Physio Health Advice > Tips for a Healthy Office Setup

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For many of us, a typical day can involve hours of sitting in front of a desk. When you have a seemingly never-ending list of tasks to complete, your long-term health can be the last thing on your mind. However, we know that prolonged sitting, especially in a poorly set-up workspace can have a huge impact on your body in the long term. Below are some tips that can help you set up your workstation properly.

Chair Setup

The height of your chair should be adjusted so your feet are flat on the floor and your thighs parallel to the floor. Your arms should be able to rest comfortably at the height of the desk. Arm rests should be low enough that elbows can be bent between 90-110 degrees and not winged out. Hands, wrists, and forearms should be in a neutral position and parallel to the floor. A cushion (like a rolled towel) may be added on the chair to add support for the lower back. If the chair is too high, you can use a footrest to make sure your feet are rested comfortably.

Desk Setup

A 20-to-40-inch distance of the monitor from your face is advisable to reduce eye strain. Place your keyboard at the center of your desk, which should be 1-2 inches above your thighs. You want the monitor and keyboard to be directly in front of you. Keep the mouse within easy reach of your keyboard. The top of the screen should be slightly below eye level.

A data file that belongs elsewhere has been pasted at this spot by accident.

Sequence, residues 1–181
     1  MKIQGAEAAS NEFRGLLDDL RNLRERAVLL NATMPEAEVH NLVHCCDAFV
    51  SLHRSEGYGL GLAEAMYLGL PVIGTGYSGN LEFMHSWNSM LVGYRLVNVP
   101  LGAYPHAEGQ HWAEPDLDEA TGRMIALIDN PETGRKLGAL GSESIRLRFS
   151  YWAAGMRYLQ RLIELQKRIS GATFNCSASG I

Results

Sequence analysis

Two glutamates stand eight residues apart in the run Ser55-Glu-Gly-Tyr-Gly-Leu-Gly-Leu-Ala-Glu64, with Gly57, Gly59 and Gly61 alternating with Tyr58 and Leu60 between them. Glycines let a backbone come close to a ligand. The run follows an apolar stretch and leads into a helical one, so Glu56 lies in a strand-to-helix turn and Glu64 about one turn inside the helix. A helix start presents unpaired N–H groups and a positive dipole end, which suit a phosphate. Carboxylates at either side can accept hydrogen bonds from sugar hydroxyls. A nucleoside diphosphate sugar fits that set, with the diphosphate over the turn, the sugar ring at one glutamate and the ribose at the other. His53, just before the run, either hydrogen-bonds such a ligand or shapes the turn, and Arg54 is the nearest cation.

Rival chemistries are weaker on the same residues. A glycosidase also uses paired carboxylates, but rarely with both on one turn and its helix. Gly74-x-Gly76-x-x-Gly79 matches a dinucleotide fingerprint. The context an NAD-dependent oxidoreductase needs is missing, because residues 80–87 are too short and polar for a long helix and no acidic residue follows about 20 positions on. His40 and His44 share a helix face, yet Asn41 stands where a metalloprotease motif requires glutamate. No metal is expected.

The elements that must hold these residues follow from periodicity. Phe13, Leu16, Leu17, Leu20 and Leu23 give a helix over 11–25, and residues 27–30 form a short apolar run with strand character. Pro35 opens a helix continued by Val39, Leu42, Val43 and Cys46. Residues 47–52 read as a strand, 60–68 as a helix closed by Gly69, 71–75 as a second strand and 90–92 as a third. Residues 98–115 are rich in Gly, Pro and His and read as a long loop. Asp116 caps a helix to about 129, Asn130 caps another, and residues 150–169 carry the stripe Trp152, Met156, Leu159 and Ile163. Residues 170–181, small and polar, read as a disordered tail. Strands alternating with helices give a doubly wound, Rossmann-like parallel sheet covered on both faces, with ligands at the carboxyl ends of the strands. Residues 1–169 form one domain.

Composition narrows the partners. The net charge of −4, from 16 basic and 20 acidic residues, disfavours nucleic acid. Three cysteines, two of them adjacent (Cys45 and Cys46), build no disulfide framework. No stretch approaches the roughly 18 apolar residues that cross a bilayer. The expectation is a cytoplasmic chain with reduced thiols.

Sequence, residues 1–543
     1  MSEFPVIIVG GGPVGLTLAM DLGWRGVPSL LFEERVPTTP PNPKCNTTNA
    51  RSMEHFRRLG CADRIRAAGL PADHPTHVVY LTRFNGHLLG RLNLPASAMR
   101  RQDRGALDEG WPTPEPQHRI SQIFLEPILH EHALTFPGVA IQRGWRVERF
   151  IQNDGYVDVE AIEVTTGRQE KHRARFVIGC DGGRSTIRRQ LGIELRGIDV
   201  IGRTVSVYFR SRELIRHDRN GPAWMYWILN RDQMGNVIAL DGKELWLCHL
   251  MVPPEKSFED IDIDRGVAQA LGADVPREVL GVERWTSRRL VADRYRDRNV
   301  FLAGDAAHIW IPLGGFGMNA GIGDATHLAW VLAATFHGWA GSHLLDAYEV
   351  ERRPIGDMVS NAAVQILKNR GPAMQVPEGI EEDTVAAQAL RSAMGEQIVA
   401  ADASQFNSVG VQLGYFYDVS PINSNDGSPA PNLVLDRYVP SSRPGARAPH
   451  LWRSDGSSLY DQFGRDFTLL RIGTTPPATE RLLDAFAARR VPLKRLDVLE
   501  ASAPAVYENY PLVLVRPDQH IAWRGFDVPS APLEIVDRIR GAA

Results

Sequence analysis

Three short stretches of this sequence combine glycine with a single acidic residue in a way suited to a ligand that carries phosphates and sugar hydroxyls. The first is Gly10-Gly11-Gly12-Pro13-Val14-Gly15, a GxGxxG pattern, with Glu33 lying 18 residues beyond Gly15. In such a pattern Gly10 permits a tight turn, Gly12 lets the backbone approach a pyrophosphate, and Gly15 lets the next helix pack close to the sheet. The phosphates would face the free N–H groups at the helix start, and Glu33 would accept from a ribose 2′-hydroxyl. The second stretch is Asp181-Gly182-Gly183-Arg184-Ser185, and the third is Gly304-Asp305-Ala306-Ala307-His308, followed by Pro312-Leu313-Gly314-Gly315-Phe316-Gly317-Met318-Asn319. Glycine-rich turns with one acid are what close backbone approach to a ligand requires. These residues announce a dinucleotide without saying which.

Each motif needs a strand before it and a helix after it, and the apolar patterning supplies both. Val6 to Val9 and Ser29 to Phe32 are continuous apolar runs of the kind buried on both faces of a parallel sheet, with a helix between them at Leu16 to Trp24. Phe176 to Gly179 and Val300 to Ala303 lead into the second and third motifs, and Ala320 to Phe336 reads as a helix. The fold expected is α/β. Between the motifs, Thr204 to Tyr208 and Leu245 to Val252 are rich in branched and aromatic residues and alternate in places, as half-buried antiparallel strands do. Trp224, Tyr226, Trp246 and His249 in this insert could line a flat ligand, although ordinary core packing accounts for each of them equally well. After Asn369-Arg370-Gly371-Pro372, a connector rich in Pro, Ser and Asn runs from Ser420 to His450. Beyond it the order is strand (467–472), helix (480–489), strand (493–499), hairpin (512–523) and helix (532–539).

Other tips for setting up your workstation include:

• Put everything you need within easy reach.
• Don’t slouch. Practice moving in and out of a good posture.
• Stand up to reach anything that can’t be comfortably reached while sitting.
• Take active breaks from sitting every half hour or hour. Set an alarm that reminds you get up and stand and stretch for ten seconds then sit back down.

Transitioning to a standing desk:

Even better than all these tips is to set up a standing work desk. Many people are making the switch to a movable working desk that allows you to spend periods of your working day on your feet with great results. Here’s some advice to make the transition a smooth one.

• Get in the habit of standing for certain tasks and sitting for others. For example, complete repetitive tasks, phone calls or data entry while standing and more complex tasks while sitting.
• Reconsider your footwear. When standing, your feet and their support become more important than when you’re sitting all day. More comfortable shoes might be a worthy investment.
• Slowly increase the amount of time you spend standing to allow your body to adjust.

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